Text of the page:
Stay Informed: May 5, 2023 - Industry News and Updates for the week.

There was plenty of news this week relating to hiring, screening, hiring, and compliance. Here are three top stories you may have missed.

Job growth picks up again in April

Hiring defied expectations in April, picking up pace despite the Federal Reserve's attempts to cool the economy and decades-high inflation through interest-rate hikes. The U.S. added 253,000 jobs in April — 88,000 payrolls more than in March — pushing the unemployment rate back down to a 54 year-low of 3.4%. Still, new jobs fell short of the average monthly gain of 290,000 over the past six months. Other signs suggest the labor market is returning to its pre-pandemic norm: Job openings are declining, while labor force participation is back where it was in March 2020.

  • Wage gains also exceeded expectations in April, rising 0.5% instead of the 0.3% forecast, underscoring concerns about continued upward pressure on prices.
  • Unemployment among Black Americans hit a record low of 4.7% in April — and the gap between the jobless rates of white and Black Americans was the smallest ever.
  • Education and health led jobs growth, adding 77,000 jobs last month.

Read More: Job growth picks up again in April

Related: Consolidating screening vendors to reduce costs, hire faster, and build efficiency

Artificial Intelligence Is Already Causing Disruption And Job Losses At IBM And Chegg

IBM’s Hiring Freeze on Roles That AI Can Replace - New York-based International Business Machines Corp. CEO Arvind Krishna announced it would pause hiring for roles that can be replaced by artificial intelligence. Functions, including administrative-oriented back office roles and human resources, are targeted. Krishna points out that the tech company has around 26,000 workers that are not client-facing, and about 30%— representing 7,800 people— could be displaced through attrition due to AI over the next five years. IBM boasts 260,000 workers and will keep hiring for software development and customer-facing roles.

On the positive side, Goldman Sachs contends automation creates innovation, leading to new jobs. For companies, there will be cost savings thanks to AI. They can deploy their resources toward building and growing businesses, ultimately increasing annual global GDP by 7%.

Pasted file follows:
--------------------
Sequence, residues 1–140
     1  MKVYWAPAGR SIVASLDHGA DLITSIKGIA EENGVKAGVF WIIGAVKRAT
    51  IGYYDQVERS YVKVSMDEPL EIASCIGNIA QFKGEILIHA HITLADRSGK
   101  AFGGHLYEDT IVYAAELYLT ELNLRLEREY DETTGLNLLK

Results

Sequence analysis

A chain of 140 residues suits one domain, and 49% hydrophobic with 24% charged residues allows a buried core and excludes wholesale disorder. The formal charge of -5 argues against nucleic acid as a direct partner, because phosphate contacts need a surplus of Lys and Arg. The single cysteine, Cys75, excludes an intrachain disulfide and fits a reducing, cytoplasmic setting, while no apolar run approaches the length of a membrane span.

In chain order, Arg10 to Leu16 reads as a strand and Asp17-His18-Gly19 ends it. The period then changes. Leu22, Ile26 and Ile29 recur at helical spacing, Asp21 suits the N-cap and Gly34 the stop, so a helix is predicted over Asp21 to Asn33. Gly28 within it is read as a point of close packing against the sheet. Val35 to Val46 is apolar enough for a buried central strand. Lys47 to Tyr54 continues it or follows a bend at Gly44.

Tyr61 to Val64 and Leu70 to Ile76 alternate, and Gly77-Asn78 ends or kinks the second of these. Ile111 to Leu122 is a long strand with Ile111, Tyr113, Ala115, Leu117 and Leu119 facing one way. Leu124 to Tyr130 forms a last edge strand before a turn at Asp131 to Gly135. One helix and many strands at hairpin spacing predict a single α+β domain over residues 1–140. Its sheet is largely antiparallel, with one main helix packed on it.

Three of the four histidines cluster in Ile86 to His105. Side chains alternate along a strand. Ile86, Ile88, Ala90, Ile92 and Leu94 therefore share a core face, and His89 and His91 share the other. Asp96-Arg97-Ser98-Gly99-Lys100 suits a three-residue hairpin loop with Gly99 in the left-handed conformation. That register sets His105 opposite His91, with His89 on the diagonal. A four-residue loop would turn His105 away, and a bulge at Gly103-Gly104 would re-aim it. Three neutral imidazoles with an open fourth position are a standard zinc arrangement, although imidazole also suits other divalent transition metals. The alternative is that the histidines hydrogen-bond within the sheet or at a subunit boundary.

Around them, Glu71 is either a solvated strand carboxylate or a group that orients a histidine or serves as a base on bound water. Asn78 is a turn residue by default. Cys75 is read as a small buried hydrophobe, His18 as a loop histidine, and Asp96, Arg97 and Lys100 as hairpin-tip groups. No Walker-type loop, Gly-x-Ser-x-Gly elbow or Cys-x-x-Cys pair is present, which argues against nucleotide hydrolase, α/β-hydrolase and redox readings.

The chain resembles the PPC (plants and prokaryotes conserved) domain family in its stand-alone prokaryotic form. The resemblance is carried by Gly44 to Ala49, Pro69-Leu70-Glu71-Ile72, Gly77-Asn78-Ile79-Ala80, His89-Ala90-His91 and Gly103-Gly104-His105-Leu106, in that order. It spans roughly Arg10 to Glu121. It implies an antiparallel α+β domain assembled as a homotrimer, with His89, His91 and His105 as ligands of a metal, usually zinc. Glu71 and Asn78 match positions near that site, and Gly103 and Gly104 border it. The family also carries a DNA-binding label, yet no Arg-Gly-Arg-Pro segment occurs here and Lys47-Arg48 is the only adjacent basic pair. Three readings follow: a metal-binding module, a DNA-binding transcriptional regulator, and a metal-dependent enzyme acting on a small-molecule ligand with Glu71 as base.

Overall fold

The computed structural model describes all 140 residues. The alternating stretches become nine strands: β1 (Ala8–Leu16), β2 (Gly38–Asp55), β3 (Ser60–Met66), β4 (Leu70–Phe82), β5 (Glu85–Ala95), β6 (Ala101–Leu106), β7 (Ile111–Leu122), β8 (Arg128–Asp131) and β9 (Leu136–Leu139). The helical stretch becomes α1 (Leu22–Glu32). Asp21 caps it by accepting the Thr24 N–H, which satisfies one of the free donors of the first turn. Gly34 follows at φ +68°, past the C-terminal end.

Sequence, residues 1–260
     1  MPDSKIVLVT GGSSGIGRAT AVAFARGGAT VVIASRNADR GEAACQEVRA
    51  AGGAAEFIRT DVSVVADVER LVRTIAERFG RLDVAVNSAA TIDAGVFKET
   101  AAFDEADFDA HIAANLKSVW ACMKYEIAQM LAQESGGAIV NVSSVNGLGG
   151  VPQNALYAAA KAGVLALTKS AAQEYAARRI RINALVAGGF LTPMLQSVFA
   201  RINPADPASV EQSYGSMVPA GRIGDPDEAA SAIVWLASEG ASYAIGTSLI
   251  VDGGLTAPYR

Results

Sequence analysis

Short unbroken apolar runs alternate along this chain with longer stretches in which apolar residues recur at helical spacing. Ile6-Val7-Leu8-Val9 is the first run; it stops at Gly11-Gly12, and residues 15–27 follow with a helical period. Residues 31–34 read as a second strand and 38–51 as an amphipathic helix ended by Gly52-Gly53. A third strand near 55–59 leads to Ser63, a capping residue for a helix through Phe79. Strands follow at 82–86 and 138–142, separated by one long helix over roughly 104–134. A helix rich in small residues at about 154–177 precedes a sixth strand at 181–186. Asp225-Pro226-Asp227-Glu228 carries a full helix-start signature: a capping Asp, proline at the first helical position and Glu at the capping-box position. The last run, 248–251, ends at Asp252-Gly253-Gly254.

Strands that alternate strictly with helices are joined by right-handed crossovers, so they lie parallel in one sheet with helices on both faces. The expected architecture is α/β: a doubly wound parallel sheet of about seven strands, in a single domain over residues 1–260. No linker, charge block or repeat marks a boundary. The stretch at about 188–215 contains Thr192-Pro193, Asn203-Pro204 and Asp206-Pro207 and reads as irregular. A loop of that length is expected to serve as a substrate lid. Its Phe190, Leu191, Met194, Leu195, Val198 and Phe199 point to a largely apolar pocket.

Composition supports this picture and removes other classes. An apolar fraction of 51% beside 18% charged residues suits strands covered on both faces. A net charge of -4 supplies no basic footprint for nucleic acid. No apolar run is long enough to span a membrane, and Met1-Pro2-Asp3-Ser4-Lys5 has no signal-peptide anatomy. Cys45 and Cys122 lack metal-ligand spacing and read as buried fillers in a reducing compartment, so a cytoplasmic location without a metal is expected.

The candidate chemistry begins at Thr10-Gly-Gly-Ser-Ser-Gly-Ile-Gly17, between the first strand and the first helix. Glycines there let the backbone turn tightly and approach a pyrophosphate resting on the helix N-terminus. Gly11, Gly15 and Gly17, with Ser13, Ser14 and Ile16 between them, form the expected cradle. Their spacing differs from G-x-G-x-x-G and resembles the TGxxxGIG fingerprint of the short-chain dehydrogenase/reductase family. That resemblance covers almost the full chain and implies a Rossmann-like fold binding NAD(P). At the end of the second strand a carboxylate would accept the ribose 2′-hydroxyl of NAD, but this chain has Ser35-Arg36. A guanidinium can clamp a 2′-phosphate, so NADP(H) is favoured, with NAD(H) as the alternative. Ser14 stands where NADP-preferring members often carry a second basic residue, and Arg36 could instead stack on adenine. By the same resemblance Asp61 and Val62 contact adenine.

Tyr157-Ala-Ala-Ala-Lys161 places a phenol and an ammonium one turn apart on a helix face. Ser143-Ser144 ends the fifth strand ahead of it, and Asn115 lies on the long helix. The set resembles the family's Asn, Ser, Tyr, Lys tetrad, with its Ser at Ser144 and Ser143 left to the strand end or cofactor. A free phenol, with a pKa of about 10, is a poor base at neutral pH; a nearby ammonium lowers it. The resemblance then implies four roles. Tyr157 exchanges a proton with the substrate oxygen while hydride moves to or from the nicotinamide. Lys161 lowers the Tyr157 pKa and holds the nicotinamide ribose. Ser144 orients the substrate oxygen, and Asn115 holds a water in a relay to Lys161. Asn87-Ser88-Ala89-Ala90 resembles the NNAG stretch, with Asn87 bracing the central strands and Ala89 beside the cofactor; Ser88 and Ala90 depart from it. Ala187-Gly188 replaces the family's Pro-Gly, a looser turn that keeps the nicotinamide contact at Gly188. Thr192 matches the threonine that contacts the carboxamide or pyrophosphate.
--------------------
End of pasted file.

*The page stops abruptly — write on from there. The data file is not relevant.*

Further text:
Read More: Artificial Intelligence Is Already Causing Disruption And Job Losses At IBM And Chegg (

Related: Why now is a great time to rethink and optimize your HR strategy

DOT expands drug testing options to include oral fluid

The Department of Transportation on Monday filed a Final Rule that will allow oral fluid as an authorized testing method for the presence of unlawful drugs. The 227-page final rule is scheduled for publication in the Federal Register May 2 and will become effective 30 days later.  

In order for an employer to implement oral fluid testing under DOT's regulation, the U.S. Department of Health and Human Services (HHS) will need to certify at least two laboratories for oral fluid testing, which has not yet been done. In essence, the DOT on Monday cleared a regulatory hurdle that allows for oral fluid testing, but those tests are not yet authorized until HHS makes its certifications.

The measure comes as the number of drivers flagged for drug infractions continues to climb at a break-neck pace. As of January 1 last year, 81,052 professional drivers were in Prohibited Status with FMCSA's Drug and Alcohol Clearinghouse with a violation. A year later that number reached 120,345, and less than nine weeks ago was at 125,810. 

Oral fluid collection mitigates cheating since the test is administered face-to-face, usually with a sample collector swabbing inside the cheek of an applicant, and the DOT contends "adding oral fluid testing as an option is consistent with the careful balancing of an individual’s right to privacy with the Department’s strong interest in preserving transportation safety by deterring illicit drug use."

Read More: DOT expands drug testing options to include oral fluid

Related: NOTICE: Procedures for Transportation Workplace Drug and Alcohol Testing Programs: Addition of Oral Fluid Specimen Testing for Drugs (